China says a meeting between Lady Gaga and the exiled Tibetan spiritual leader, the Dalai Lama, has unleashed anger in the country.
The American singer posted photos and a video on social media of the meeting on Sunday at the US Conference of Mayors in Indianapolis.
She spoke to the Dalai Lama about topics including generosity to the poor and mental health.
The Dalai Lama fled Tibet into exile in India in 1959 after a failed uprising against Chinese rule, and he is seen by the Chinese as a dangerous "splittist", or separatist.
The Dalai Lama says he only wants genuine autonomy for his homeland.
Chinese Foreign Ministry spokesman Hong Lei said: "There is a broad consensus internationally about what kind of person the Dalai Lama is and what he does internationally.
"After the relevant incident happened, if you look at comments on the Chinese Internet, their anger has welled up."
Lady Gaga has never held a concert in mainland China, but she has played concerts in its Hong Kong and Macau territories, and her music is popular with many young Chinese.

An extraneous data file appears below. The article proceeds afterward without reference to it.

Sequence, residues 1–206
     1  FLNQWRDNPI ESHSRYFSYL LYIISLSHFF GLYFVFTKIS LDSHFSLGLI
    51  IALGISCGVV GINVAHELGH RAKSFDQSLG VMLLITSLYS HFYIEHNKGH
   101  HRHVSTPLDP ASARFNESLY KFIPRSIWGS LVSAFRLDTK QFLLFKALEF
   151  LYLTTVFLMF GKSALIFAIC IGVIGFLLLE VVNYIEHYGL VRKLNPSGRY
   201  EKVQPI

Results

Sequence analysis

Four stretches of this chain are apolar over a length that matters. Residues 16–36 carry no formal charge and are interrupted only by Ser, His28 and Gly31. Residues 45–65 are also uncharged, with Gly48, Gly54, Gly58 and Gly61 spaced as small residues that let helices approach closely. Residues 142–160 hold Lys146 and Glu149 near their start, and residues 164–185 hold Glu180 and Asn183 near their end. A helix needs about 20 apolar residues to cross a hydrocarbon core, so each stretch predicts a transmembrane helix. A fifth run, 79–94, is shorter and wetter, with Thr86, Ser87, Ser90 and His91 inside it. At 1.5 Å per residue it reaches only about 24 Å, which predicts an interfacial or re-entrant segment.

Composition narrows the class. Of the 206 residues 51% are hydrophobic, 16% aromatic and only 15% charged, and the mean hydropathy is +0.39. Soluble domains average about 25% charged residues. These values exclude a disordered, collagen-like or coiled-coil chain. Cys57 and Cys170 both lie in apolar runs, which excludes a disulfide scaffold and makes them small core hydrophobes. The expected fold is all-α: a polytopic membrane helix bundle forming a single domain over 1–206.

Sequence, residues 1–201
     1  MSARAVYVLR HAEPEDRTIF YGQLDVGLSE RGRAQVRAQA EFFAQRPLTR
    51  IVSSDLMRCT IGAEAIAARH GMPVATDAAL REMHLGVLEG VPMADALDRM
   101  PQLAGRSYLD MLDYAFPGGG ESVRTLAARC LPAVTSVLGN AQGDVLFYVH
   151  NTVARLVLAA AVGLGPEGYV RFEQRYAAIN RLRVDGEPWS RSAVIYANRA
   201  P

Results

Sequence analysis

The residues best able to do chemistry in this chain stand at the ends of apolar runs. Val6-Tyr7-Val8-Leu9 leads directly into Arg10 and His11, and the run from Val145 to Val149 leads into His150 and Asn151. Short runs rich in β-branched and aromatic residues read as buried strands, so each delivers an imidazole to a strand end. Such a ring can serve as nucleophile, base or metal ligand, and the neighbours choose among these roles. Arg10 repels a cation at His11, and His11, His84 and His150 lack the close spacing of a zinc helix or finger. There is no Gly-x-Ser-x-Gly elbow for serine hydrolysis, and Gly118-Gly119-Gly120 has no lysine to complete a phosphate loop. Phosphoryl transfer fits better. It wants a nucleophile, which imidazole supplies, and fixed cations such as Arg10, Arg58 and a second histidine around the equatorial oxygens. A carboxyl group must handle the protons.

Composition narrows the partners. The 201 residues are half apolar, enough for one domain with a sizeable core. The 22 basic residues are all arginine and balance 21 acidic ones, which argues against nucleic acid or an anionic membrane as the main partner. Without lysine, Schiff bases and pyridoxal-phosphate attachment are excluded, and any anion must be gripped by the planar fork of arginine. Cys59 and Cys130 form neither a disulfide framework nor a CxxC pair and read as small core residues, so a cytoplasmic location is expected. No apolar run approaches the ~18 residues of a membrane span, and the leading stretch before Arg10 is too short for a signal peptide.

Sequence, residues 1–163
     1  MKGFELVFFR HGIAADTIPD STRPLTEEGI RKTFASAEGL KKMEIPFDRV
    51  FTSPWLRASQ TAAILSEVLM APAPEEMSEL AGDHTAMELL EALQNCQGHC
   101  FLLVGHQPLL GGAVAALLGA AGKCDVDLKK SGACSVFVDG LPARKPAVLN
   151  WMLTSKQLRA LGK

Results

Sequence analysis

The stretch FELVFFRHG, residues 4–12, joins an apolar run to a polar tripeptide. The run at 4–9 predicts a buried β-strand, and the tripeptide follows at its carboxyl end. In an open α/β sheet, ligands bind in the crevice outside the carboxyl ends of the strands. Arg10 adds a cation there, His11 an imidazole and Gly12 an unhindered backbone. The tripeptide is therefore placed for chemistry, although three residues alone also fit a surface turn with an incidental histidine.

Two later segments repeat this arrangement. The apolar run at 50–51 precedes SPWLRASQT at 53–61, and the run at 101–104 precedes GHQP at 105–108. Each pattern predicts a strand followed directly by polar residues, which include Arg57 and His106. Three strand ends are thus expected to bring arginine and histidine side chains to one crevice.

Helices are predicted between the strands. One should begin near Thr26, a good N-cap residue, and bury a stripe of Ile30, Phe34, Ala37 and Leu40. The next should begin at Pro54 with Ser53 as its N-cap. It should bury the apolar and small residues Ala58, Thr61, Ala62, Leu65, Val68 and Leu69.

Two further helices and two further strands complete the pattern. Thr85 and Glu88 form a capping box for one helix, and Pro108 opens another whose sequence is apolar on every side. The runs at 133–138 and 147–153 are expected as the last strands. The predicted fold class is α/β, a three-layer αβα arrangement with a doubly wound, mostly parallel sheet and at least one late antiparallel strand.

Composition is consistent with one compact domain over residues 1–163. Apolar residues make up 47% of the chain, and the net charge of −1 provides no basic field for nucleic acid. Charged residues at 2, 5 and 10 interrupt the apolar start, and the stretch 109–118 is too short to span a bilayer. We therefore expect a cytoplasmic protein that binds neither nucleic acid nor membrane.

"Lady Gaga, you're never coming back to China," wrote one user on China's Twitter-like Sina Weibo microblog.
Other comments were less polite, using obscene language towards the pop star.
The Ministry of Culture, which regulates the activities of foreign artists in China, has yet to comment, but controversial meetings have previously put artists on blacklists in China.
Unconfirmed reports in Hong Kong’s pro-democracy newspaper Apple Daily claimed Chinese websites and media organisations had been ordered to stop uploading or distributing her songs.
In 2008, Icelandic singer Bjork shouted "Tibet! Tibet!" at a Shanghai concert after performing her song "Declare Independence", which angered the government and some local fans.
And Oasis and Maroon 5 had concerts cancelled after they sent messages of support to the Dalai Lama.